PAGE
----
Colonialism has left its marks on postcolonial societies both on those of the colonizers and those of the colonized. Their connected or entangled histories have shaped and burdened national identities up to the present. It is only recently that European nation states begin to acknowledge how little their colonial pasts have gone by. Scholarly and public debates in France, Belgium, Great Britain or Germany have brought to the fore what seemed to be an almost forgotten heritage. Education on colonialism often served as a means to legitimize colonial violence and to propagate the civilization mission. In this respect school textbooks and especially history textbooks are of great value because they present – intentionally or not – national master narratives. Their ways of presenting und commemorating a rather dark chapter of national history shed a light on national self-perception. Moreover, the ways in which history textbooks integrate the experiences and memories not only of the colonizers but of the colonized and their descendants is crucial for a sense of belonging and of social cohesion.
The paper will look at German and French colonialism and how it is presented in contemporary history textbooks. The German example stands for a rather belated and short-lived colonial experience which ended after World War I. The French example stands for a long colonial heritage whose reverberations were felt even well after decolonization.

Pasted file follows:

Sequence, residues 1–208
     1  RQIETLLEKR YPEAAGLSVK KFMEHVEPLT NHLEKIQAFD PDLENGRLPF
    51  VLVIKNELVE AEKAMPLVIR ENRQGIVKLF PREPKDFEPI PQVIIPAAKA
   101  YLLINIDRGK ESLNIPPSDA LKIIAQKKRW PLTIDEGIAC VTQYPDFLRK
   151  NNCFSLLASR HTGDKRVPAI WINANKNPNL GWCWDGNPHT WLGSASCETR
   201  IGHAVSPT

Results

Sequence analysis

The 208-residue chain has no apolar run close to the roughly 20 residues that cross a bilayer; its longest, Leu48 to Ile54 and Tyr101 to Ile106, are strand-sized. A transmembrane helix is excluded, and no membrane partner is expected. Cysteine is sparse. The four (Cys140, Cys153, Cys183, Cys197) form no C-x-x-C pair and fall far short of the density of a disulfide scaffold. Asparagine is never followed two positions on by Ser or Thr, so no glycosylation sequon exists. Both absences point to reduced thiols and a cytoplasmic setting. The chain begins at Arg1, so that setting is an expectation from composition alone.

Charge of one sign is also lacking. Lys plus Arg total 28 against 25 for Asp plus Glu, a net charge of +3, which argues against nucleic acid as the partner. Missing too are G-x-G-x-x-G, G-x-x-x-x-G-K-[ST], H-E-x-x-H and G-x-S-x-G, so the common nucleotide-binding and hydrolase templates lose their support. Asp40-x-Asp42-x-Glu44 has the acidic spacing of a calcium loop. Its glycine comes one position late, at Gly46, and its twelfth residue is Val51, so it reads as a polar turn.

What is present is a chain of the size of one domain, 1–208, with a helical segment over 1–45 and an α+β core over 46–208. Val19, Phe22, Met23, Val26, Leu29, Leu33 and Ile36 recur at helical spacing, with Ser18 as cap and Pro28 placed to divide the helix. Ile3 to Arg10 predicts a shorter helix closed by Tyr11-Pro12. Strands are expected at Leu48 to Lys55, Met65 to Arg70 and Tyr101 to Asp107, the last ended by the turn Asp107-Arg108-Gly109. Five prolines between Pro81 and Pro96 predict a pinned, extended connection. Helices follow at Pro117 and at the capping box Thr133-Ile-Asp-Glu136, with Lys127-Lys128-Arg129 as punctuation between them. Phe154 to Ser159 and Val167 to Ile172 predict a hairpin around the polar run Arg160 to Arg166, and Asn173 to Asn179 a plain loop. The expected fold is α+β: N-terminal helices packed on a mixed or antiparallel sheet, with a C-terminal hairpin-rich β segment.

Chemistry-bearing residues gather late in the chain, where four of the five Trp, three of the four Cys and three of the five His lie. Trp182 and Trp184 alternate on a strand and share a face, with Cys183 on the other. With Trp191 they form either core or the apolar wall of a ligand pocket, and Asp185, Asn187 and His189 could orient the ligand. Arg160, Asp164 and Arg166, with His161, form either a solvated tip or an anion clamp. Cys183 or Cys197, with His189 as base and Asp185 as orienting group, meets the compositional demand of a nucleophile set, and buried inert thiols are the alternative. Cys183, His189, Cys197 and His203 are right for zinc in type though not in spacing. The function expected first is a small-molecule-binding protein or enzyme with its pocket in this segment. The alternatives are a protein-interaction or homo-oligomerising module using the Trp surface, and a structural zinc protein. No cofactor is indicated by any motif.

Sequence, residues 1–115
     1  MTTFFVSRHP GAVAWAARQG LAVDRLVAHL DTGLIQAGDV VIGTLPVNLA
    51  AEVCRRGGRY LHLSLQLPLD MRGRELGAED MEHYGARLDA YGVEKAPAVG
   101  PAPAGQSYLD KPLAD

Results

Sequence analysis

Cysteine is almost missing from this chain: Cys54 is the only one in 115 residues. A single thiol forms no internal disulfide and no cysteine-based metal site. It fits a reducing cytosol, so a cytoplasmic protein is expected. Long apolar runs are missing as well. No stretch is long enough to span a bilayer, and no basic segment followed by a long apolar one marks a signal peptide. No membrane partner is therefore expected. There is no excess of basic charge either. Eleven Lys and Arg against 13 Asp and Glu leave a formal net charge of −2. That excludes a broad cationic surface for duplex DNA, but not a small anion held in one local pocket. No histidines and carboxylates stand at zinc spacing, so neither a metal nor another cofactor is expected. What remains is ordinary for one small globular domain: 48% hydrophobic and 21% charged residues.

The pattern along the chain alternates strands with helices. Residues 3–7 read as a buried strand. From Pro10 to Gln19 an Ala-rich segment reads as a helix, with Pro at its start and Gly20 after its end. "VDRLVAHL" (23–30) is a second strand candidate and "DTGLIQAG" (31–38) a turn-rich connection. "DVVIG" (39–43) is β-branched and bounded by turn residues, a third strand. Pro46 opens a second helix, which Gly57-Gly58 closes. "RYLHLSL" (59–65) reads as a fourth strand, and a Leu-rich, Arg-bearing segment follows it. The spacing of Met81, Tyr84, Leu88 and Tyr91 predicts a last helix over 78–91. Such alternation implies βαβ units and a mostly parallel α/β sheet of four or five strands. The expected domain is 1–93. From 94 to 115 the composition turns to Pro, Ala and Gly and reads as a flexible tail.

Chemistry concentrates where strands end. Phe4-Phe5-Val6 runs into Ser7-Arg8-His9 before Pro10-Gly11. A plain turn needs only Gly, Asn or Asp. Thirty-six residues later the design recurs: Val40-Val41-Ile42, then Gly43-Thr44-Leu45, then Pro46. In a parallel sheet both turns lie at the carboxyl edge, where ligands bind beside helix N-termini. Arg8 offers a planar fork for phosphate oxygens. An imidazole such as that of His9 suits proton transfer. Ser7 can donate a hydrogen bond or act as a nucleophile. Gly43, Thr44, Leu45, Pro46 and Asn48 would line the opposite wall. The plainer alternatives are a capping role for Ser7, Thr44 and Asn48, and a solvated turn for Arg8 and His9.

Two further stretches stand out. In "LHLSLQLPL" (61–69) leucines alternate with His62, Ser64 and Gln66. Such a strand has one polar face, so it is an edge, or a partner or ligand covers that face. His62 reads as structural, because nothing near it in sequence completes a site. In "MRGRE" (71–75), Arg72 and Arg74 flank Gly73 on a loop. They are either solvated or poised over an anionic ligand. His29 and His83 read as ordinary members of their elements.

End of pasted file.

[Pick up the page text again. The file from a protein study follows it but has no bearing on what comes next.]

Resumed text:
Postcolonial studies have contested national master narratives which favoured a Eurocentric perspective in pointing out that the histories of the centres and the peripheries are in many ways interrelated or connected. Since colonialism has never been a purely national project but a project that has been fuelled by the rivalry of European nations a comparative approach will contribute to a better understanding of colonialism as a transnational phenomenon. The paper concentrates on different modes of narrating and remembering colonial pasts. It reflects upon the framework of education on colonialism taking into account curricular reforms, debates about history laws and discussions about recompensation for colonial violence. The Franco-German history textbook published in 2006 (Europe and the World since 1945) and 2008 (Europe and the World from the Congress of Vienna to 1945) will serve as a starting point. Written by a bilateral group of French and German experts the textbook presents a common view on European and global history. At the same time it attempts to depict both national histories as entangled histories (histoire croisée) with shared memories in the double sense of the meaning.
Focussing on the German and French national self-perception in the mirror of colonialism the paper aims at a comparative discussion of the role of education on colonialism and of Europe’s connected pasts.